Wednesday, April 13, 2022
By Ariel Miller
How do you keep clothes, coffee makers, and damaged furniture out of landfills? Recruit a few handy friends, and start a local Repair Café! Started in Holland by Martine Postma in 2007, Repair Cafés are now popping up worldwide, with over 2,200 in operation. The website, readable in Dutch, English, French, German, and Spanish, is packed with practical advice and creative solutions. By empowering their communities to fix stuff instead of throwing it away, Rotarians will reduce emissions from mining, manufacturing, and transportation.
“It’s a lot of fun to get together on a Saturday morning,” says John Adams, the environmental chair of the Rotary Club of Wellesley, Massachusetts, which holds Repair Cafés quarterly “Basically you call your friends who know how to fix stuff.” Next: invite the public, borrow a community space, and get ready to tackle anything from gluing the ear back on a beloved toy rabbit to actually fixing a toaster.
“People will bring their kids along, and the thing they want to fix. First we have them Google the problem, then we coach them,” Adams explains. “We help people figure out what is broken, find the part number, and then order the new one. We see more and more people trying to fix stuff.”
Most residents of Wellesley, a wealthy suburb of Boston, can afford to discard used things and buy new, but environmental stewardship is catching on in town. Partnering with the US Environmental Protection Agency, the town’s Sustainable Energy Committee launched WasteWise Wellesley in 2016 to foster sustainable materials management throughout the community. They expanded the range of materials that can be recycled, set up a “give and take” area at the Recycle and Disposal facility, and started a Library of Things where people can borrow anything from a fancy cake pan to an adapter. Ellen Corpi, a civic leader, found out about Repair Cafés and contacted John Adams, suggesting it would be a great project for a Rotary Club.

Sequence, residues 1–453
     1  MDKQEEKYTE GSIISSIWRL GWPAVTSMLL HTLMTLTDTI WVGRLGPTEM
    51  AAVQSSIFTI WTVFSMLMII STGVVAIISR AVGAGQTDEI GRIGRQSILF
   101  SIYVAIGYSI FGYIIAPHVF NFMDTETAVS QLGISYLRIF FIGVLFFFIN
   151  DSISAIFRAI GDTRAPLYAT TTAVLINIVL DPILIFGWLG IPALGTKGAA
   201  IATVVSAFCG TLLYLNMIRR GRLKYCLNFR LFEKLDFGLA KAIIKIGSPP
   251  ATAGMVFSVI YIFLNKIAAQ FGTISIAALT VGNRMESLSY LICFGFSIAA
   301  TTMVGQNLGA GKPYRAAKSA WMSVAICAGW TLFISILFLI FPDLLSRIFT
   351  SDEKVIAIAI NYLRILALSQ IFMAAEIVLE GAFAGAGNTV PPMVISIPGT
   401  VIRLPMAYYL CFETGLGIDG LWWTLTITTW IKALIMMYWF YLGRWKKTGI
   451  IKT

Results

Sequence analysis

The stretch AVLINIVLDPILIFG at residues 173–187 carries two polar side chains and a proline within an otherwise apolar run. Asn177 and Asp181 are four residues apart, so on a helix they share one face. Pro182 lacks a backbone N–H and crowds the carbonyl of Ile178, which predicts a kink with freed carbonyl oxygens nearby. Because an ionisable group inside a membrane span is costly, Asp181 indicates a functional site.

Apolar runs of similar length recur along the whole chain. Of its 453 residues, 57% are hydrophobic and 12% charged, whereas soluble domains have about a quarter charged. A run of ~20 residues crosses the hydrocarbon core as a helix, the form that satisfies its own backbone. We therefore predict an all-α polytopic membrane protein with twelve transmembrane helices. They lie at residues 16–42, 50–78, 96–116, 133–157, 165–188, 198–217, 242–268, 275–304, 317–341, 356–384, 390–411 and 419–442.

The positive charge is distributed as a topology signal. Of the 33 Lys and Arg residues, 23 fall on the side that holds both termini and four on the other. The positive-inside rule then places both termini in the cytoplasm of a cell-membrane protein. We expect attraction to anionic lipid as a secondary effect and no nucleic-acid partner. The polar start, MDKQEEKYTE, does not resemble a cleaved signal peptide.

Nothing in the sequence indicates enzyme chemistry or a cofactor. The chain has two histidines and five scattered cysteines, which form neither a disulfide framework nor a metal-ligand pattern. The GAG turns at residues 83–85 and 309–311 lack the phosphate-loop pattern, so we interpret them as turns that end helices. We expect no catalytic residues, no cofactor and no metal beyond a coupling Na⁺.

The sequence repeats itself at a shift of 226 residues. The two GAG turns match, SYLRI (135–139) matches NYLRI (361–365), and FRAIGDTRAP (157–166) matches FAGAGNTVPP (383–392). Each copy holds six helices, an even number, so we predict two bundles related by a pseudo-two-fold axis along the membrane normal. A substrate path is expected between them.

Adams had started a handyman business after retiring from his career as a software engineer. “It was not as much fun as I thought it would be running it as a business, but it allowed me to buy a whole lot of fun tools,” he confesses. Intrigued by Corpi’s idea, he recruited a team. “I know who’s good at what. I ask, and that hooks them. Once you fix everything in your house, you want to go find more stuff to fix. A guy from Dover is my hero: he knows all about electronics. I get total tool envy watching him bring his stuff in.”
The Repair Café is “cheap to run,” Adams says. “Wellesley’s Recreation Center club lets the Club use a room for free.” 6-7 people with different tools and expertise set up shop at tables around the room: a sewing machine, a furniture repair booth, knife sharpening.
The team promotes the event through Facebook with delightful action shots (including those here). It draws people of every age. “The Club has a mailing list of up to 800 people from previous events,” Adams says. “The last two Repair Cafes, some engineering types in their twenties came in. Our coaches have children and grandchildren and are glad to teach children. We’ve fixed a baby doll bed and a powered skateboard."
As a totally inclusive, hands-on experience of Service Above Self, the Repair Cafe is fabulous publicity for this Rotary Club - “good, wonderful, or excellent ratings,” Adams says – as Wellesley Rotarians teach smart solutions to an environmental crisis more and more people are taking seriously. Photo by John Adams: Charlie Tyler and Jim McLaren doing surgery on a dimmer switch.